Saturday, May 29, 2010

A Tale of Two Tomatoes by Sue the webmaster

It was a mild and exceptionally dry February in Seattle this year and the audience for Renee’s talk on “starting from seed” at the Flower and Garden show was very attentive as she sowed a packet of our Heirloom Rainbow’s End and shared her suggestions for getting tomatoes off to a good start – including keeping the seeds moist and warm and providing good light. Afterwards we stuck the supplies and flats in a box in the trunk of my car, and later put it all outside on my back deck until I could get around to putting things away properly. So it was another week before I opened the box and was shocked to find a small forest of tomato seedlings struggling for air and light – pale and leggy but very much alive. They had defied everything Renee had advised – germinating in that cold, dark, dry and crowded box.

I didn’t have the heart to kill them off, so I dug out my lights and heat mat and set up an Intensive Tomato Care unit. And while I was at it, I got some Asian Trio Eggplant and Baby Belle Peppers started to keep them company and give encouragement.

By April the babies were thriving and getting quite big, so I moved them all to the old greenhouse at the close-in farm where I board my horses and there’s lots of rich composted manure to nourish greedy growing teenage tomatoes. I had no trouble finding eager adoptive homes for all but two that I saved for myself. Things were looking promising for a big crop of luscious heirlooms.

Mother Nature played her tricks on us again however and the promises of a great garden season were dashed with our worst May in memory – unending cold and rain - a gardener’s nightmare. Early planted seeds rotted, seedlings sulked, the ground saturated. My poor garden looks bare and very sad indeed.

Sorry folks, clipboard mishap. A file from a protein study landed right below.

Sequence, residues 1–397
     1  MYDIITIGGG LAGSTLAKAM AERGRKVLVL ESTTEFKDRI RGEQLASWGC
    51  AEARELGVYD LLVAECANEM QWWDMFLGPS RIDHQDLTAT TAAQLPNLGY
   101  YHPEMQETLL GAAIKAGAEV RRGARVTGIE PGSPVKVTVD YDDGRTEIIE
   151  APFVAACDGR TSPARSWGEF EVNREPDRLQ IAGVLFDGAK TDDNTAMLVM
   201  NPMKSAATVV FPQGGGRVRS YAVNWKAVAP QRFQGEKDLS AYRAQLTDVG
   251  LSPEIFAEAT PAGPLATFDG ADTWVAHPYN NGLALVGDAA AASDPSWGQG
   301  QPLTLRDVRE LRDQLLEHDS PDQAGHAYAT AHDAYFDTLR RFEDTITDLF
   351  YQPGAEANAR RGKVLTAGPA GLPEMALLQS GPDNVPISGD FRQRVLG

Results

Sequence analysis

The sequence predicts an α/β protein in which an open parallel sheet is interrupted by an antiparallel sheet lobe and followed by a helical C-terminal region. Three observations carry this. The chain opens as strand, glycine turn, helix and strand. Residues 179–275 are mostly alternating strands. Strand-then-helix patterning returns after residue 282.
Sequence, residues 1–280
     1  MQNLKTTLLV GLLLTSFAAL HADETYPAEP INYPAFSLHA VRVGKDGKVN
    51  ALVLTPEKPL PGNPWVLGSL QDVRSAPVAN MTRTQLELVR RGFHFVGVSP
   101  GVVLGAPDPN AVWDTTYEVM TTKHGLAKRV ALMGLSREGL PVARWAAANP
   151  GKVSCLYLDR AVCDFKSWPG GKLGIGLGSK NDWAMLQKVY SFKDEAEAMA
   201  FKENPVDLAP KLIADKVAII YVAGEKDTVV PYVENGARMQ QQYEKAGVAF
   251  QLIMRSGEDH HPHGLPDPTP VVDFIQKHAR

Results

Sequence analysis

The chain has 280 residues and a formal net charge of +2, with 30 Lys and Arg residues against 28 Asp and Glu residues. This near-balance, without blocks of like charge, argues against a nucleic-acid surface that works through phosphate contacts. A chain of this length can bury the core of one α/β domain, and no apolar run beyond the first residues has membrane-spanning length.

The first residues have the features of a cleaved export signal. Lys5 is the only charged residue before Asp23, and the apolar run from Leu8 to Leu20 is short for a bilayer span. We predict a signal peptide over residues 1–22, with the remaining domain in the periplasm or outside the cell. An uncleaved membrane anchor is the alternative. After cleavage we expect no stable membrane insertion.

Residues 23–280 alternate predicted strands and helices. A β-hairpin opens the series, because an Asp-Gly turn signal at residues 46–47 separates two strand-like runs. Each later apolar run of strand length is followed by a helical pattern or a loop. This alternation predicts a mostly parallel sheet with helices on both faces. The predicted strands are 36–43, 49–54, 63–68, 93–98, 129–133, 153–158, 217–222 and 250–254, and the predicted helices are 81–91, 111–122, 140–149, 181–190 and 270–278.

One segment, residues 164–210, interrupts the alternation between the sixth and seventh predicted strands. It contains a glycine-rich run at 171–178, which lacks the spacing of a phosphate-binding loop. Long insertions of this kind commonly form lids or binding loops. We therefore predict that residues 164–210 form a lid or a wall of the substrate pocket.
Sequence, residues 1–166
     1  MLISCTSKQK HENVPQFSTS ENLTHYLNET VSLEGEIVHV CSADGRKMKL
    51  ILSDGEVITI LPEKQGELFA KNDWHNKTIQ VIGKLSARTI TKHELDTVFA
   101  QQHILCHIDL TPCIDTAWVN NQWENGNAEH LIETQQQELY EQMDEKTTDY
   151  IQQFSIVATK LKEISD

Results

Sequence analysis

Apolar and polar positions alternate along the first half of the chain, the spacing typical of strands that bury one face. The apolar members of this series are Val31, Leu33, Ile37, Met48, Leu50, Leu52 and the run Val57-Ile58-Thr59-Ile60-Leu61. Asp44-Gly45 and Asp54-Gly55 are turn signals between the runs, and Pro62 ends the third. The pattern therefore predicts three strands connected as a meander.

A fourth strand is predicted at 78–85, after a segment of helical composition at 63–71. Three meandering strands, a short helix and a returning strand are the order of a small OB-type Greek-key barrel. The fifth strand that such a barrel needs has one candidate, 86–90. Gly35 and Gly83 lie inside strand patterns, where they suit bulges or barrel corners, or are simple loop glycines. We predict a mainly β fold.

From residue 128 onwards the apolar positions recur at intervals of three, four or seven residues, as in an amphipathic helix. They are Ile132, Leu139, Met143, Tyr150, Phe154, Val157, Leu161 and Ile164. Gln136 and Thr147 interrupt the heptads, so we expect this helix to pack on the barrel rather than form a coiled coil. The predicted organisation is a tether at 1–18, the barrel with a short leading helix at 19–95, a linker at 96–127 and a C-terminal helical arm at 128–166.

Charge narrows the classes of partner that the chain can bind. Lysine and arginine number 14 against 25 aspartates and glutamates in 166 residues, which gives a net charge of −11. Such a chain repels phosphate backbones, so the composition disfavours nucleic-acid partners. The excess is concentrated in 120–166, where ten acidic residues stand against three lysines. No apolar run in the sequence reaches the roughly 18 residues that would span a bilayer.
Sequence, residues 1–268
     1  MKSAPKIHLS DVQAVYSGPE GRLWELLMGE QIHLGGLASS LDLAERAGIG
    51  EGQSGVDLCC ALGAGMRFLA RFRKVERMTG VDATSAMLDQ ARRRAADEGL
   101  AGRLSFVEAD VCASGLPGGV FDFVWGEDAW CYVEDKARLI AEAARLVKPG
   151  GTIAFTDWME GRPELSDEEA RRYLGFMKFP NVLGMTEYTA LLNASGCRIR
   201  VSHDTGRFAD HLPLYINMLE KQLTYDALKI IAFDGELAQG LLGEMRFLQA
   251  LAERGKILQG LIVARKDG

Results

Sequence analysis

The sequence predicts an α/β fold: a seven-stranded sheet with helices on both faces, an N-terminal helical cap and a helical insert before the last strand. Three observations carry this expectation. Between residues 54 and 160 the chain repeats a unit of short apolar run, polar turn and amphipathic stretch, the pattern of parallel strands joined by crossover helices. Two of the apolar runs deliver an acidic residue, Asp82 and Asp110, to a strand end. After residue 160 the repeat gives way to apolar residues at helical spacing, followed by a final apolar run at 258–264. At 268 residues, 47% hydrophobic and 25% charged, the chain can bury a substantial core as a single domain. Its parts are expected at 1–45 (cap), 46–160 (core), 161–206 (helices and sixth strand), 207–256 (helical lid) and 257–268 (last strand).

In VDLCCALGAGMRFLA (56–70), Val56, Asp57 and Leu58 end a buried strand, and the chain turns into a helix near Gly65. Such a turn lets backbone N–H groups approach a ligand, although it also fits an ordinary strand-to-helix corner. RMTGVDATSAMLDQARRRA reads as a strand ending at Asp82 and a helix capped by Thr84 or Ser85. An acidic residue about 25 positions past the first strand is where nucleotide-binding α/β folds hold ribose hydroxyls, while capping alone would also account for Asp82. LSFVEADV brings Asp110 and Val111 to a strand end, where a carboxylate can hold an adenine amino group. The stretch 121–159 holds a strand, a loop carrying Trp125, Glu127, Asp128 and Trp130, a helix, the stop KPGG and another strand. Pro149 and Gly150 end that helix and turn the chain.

But we Western Washington gardeners are a tough, determined, and some would say delusional bunch, always grasping at the elusive but tantalizing possibility of still getting enough sun and heat in the summer to coax a harvest of our own heat-loving veggies rather than relying on imports from our Southern brethren. So despite all odds, I planted my tomatoes out on a deceptively warm dry weekend. Time will tell – but I have a feeling these two have what it takes to make it, despite their difficult childhood, and I am rooting for them…..

So on this wet and grey Memorial Day, I can only look back at this photo of my lovely tomatoes from last year's glorious summer and remember that, for gardeners, there's always next year.

5 comments:

Jenn's Cooking Garden! said...

I have had such a great experience with Renee's Garden seed! I look forward to buying most of my seeds from her again! I am also participating in the Grow project! I can not say enough about her Fabulous seeds! I have recomended her seeds to so many people! Happy Gardening!

Mr Brown Thumb said...

Sue, this is a great blog post. I love it when seeds and plants do things they "aren't" suppose to and force us to take care of them.

Chrystel said...

Great story. Hope the weather improves.

Chrystel
www.chrystelspotager.blogspot.com

Nellie said...

Sue says "thank you" to everyone. :)

Anonymous said...

I hear you, Seattle. I live in Central Oregon, and yesterday was the first 79 degree weather we have had. My tomato plants are very slow in the garden, while the one in the kitchen window is healthy and ready to be transplanted. It just seems like everything is taking some time to grow this spring. Last year was wonderful, minus some hail storms, but my plants really took off strong.

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